camello

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Old Spanish[edit]

Alternative forms[edit]

Etymology[edit]

From Vulgar Latin *camēllus, from Latin camēlus (additional /l/ due to influence from the ending -ĕllus, which did not however change the stressed vowel), from Ancient Greek κάμηλος (kámēlos).

Pronunciation[edit]

Noun[edit]

camello m (plural camellos)

  1. camel
    • c. 1200, Almerich, Fazienda de Ultramar, f. 5v.
      Cataró ¬ vieró vna requa de paganos de los de ẏſmael. E vinien de galaat có ſos camellos cargados de mercaduras e ẏuá a egipto
      They looked up and saw a pagan caravan, of those of Ishmael. And they were coming from Gilead with their camels loaded with goods, and they were headed to Egypt.

Descendants[edit]

  • Ladino: kameyo (Latin spelling)
  • Spanish: camello

Spanish[edit]

Etymology[edit]

From Old Spanish camello, from Vulgar Latin *camēllus, from Latin camēlus, from Ancient Greek κάμηλος (kámēlos), ultimately from Proto-Semitic *gamal-. More at camel.

Pronunciation[edit]

 
  • IPA(key): (most of Spain and Latin America) /kaˈmeʝo/, [kaˈme.ʝo]
  • IPA(key): (rural northern Spain, Andes Mountains) /kaˈmeʎo/, [kaˈme.ʎo]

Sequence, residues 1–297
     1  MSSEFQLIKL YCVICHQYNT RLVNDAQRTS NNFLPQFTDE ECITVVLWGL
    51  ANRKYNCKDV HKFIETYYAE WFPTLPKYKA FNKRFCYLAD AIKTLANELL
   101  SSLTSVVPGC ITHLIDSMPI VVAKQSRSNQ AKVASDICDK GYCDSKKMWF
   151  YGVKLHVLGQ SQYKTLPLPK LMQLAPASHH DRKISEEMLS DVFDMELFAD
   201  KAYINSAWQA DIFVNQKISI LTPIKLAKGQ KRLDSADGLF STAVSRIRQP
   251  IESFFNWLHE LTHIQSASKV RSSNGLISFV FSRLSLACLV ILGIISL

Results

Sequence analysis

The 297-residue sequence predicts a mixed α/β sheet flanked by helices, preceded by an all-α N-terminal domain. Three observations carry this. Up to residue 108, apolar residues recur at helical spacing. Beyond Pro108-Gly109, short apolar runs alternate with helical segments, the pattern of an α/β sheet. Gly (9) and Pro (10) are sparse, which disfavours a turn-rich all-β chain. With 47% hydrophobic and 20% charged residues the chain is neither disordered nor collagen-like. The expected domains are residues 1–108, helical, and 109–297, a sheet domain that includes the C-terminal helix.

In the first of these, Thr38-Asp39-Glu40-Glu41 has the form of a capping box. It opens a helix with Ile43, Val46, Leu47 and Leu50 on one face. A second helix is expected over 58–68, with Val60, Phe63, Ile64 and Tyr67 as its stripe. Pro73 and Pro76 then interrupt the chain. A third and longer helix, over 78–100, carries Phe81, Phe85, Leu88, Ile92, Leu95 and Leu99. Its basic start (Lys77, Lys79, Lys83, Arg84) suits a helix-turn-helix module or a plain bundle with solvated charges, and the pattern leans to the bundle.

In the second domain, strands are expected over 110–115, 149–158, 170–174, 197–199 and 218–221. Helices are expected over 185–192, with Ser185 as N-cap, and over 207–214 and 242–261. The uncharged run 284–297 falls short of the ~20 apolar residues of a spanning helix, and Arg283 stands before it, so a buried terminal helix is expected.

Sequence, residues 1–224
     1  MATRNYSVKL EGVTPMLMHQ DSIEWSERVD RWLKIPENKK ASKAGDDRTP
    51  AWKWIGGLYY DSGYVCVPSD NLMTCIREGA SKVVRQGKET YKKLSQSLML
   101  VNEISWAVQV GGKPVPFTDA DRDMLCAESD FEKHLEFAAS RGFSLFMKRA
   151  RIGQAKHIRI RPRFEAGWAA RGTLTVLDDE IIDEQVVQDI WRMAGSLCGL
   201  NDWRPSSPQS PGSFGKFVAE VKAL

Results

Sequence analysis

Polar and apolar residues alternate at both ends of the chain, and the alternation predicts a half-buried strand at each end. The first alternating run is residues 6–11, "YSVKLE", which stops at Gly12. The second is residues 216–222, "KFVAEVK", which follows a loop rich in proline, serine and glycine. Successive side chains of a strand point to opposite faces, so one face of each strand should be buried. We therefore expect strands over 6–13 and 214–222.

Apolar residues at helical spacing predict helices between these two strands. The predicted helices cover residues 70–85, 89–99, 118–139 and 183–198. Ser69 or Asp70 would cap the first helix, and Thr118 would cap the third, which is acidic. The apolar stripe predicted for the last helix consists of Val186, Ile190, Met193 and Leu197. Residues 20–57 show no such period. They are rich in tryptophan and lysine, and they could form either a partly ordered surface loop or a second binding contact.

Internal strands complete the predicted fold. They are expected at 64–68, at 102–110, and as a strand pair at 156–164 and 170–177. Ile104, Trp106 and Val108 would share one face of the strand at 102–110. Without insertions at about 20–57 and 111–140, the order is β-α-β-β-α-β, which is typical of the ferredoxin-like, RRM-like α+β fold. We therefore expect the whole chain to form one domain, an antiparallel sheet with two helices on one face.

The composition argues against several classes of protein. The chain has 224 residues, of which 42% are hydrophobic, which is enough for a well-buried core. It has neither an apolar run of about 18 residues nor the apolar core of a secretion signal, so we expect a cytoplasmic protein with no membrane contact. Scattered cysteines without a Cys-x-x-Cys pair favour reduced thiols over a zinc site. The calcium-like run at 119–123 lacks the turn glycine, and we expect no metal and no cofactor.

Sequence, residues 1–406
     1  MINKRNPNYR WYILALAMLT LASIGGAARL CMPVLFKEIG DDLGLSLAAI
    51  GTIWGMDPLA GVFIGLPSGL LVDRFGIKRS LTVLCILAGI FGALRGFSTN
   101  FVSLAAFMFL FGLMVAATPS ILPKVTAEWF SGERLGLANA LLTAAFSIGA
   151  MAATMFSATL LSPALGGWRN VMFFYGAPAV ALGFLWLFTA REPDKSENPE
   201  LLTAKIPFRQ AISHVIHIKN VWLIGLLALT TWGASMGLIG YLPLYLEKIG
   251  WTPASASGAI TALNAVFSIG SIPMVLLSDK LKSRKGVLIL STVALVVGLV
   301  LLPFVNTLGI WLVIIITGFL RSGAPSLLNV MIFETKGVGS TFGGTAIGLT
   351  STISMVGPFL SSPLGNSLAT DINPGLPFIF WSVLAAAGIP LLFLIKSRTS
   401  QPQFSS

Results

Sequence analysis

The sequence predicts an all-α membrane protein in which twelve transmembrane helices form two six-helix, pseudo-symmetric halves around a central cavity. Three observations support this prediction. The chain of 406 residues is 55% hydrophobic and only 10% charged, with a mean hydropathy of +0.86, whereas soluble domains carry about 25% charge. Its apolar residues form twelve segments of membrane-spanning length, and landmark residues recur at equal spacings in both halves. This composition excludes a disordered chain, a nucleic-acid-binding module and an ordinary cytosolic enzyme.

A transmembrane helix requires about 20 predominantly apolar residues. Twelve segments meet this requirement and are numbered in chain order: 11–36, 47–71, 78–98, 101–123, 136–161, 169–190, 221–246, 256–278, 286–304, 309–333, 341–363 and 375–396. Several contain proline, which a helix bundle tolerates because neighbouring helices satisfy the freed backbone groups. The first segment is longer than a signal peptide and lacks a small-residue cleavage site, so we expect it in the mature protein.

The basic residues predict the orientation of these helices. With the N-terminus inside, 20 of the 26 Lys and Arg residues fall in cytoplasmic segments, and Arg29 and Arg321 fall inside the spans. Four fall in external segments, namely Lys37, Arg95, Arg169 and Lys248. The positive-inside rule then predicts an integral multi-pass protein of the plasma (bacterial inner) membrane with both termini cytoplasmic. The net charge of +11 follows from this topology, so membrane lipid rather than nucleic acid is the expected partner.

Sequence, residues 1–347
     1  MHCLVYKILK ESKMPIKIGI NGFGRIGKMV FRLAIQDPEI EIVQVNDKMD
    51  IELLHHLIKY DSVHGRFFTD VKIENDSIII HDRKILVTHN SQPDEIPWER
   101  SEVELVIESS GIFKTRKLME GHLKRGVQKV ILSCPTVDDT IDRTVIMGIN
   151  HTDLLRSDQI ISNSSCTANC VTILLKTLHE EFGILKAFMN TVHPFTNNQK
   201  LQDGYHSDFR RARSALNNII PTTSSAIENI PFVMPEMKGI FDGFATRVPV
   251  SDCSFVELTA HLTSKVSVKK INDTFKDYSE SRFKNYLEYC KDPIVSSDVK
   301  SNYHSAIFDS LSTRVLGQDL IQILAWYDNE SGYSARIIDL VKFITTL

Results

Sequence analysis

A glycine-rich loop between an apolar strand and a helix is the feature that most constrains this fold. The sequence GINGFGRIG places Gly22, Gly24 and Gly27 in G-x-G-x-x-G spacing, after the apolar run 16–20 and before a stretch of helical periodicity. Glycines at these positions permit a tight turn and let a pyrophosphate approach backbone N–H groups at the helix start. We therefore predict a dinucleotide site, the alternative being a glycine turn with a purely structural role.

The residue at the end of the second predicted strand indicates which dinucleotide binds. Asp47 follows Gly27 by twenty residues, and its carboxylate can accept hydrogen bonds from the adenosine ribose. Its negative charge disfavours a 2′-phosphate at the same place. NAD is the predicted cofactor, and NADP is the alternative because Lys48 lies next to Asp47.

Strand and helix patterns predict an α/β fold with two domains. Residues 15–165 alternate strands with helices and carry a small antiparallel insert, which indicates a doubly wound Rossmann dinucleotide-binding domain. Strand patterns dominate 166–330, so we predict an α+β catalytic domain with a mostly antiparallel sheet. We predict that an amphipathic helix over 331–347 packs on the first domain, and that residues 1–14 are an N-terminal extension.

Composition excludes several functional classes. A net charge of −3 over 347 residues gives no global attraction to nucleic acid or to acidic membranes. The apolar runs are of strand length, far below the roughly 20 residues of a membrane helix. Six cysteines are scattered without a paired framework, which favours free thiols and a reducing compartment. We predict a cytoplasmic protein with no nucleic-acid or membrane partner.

• IPA(key): (Buenos Aires and environs) /kaˈmeʃo/, [kaˈme.ʃo]
  • IPA(key): (elsewhere in Argentina and Uruguay) /kaˈmeʒo/, [kaˈme.ʒo]
  • (file)
  • Noun[edit]

    camello m (plural camellos, feminine camella, feminine plural camellas)

    1. camel
      Hyponym: dromedario
    2. (informal) pusher, drug dealer
      Synonym: narcotraficante
      • 2019 March 11, “De Clint Eastwood siempre esperas más”, in El País[1]:
        Existe algún momento divertido en las aventuras de este camello tardío.
        (please add an English translation of this quote)

    Alternative forms[edit]

    Derived terms[edit]

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